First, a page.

Visiting these gardens was the final element of my lockdown walk exploration of the bathhouse and brought home to me once again how entangled these Roman places were with the local Iron Age communities. Or as the noticeboard at the ANTONIVS PIVS garden suggests, the Picts (!?). In the weird internal logic of the noticeboard on site, their territory, ‘Pict Landscape’, is now Waitrose and Aldi supermarkets and a big car park.
To visit these gardens, I left the car (and Jan) in a nearby car park for a pub and Premier Inn. These were closed, the car park empty, a victim of Lockdown 3 regulations. It was an unsettling reminder of our current reality. Yet as I walked back to the car after visiting PIVS gardens, this deserted car park made me think of the empty forts, bathhouses and fortlets that were left behind as the Romans left after their brief occupancy of this area 1800 or so years ago. They left behind them prehistory, but this emptiness was not hopeless, but rather a void within which new opportunities would emerge, focused on a better future.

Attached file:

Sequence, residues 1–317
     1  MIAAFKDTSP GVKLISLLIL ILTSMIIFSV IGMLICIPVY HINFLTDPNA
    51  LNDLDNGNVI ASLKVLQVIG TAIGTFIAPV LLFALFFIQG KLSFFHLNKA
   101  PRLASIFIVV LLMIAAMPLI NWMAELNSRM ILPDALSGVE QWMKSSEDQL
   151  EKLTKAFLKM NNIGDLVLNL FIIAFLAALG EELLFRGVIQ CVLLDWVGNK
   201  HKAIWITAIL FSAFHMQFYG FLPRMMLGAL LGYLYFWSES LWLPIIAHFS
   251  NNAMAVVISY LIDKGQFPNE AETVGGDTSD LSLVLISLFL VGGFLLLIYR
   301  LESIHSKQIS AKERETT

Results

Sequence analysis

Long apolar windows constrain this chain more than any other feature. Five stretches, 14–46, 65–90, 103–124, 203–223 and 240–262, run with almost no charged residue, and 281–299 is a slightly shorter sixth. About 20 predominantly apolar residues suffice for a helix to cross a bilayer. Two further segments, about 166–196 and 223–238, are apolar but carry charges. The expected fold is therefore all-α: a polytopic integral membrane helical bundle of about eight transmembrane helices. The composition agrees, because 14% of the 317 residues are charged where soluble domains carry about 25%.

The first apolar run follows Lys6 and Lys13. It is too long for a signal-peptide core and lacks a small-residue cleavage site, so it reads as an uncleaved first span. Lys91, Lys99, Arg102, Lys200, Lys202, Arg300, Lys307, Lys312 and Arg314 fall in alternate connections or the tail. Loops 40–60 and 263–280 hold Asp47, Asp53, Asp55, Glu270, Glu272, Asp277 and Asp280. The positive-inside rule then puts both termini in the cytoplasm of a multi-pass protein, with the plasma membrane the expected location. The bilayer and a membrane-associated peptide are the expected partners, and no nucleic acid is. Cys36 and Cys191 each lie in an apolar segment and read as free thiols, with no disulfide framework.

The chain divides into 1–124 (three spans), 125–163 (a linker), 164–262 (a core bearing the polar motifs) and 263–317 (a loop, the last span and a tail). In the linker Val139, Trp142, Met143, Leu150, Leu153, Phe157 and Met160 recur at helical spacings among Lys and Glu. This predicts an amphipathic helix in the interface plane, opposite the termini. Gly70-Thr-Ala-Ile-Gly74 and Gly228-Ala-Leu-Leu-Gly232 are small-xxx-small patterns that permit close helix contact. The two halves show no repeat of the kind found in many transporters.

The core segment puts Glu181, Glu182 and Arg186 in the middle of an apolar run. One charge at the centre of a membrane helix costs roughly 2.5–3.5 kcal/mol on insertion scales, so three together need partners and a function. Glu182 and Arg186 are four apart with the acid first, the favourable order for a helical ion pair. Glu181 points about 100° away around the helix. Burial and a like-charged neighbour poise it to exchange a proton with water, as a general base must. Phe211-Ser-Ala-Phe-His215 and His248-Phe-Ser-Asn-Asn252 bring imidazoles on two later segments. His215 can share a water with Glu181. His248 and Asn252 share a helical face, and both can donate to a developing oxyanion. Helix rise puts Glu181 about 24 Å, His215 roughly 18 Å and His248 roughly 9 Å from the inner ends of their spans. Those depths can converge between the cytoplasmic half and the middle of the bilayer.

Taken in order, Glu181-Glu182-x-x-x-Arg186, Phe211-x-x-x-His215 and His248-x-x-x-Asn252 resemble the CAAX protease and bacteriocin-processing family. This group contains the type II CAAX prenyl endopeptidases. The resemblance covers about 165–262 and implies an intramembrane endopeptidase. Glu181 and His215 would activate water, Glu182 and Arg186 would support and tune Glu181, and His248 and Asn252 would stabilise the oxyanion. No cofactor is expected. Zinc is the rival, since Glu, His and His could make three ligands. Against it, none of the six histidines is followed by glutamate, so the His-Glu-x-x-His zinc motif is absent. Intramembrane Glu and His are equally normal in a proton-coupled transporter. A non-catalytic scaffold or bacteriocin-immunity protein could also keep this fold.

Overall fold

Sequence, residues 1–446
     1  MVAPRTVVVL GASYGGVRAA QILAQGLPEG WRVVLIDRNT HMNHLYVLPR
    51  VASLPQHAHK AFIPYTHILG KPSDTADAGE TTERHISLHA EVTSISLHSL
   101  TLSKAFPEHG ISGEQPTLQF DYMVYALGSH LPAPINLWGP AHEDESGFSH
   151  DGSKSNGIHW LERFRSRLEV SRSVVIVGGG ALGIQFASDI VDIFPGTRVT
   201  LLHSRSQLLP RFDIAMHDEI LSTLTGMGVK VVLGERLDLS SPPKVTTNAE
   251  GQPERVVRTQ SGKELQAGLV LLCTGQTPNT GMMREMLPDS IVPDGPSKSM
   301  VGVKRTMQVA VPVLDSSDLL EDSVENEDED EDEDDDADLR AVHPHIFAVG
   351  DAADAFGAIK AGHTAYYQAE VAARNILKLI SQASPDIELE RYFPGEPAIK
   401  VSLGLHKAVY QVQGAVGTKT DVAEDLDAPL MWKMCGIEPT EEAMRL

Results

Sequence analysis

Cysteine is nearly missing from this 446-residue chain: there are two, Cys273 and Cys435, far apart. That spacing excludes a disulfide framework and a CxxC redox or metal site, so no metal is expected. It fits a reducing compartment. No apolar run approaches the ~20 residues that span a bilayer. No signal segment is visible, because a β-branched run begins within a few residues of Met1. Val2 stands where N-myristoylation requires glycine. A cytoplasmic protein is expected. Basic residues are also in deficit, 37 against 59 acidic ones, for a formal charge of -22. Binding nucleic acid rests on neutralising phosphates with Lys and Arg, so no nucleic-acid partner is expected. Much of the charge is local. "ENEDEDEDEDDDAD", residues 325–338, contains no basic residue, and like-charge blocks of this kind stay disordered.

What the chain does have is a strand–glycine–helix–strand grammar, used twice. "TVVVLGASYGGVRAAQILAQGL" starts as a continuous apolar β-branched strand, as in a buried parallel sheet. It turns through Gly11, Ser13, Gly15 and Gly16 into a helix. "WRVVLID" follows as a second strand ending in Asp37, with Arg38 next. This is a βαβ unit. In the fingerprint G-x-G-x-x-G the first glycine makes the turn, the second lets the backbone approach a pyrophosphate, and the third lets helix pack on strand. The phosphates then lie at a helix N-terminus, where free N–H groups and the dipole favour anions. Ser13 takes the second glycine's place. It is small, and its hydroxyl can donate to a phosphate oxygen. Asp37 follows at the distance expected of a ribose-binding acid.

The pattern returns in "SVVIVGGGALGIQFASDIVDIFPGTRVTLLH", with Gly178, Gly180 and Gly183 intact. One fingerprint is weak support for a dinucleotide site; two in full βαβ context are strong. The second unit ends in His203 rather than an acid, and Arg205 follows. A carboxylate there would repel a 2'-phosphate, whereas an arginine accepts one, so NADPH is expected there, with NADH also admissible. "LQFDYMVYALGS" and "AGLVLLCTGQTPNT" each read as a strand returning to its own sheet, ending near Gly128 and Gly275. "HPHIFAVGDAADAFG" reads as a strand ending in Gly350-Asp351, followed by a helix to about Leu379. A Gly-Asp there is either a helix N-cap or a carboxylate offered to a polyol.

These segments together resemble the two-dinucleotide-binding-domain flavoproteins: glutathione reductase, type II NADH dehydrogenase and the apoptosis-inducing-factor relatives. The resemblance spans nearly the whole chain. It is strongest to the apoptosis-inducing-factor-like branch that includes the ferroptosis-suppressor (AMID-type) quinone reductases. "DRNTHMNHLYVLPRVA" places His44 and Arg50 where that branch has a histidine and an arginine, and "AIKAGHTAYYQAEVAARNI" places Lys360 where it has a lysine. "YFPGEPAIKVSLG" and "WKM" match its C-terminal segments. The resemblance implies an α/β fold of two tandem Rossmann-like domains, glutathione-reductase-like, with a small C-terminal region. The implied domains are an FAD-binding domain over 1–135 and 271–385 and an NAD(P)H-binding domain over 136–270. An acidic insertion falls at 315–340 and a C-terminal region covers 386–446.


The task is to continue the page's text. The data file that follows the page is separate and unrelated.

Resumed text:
Sources and acknowledgements: thanks to Jan for accompanying me on these various walks and also for allowing me the chance to contribute to her teaching despite my obvious lack of knowledge about all things Roman.
I mentioned a few citations in the text:
Williams, H 2020 Living after Offa: place-names and social memory in the Welsh Marshes. Offa’s Dyke Journal 2, 103-40.
Kilpatrick, M 2021 When Birnam Wood rises: prehistoric activity at Birnam Crescent, Bearsden, Glasgow. Scottish Archaeological Journal 43, 69-78.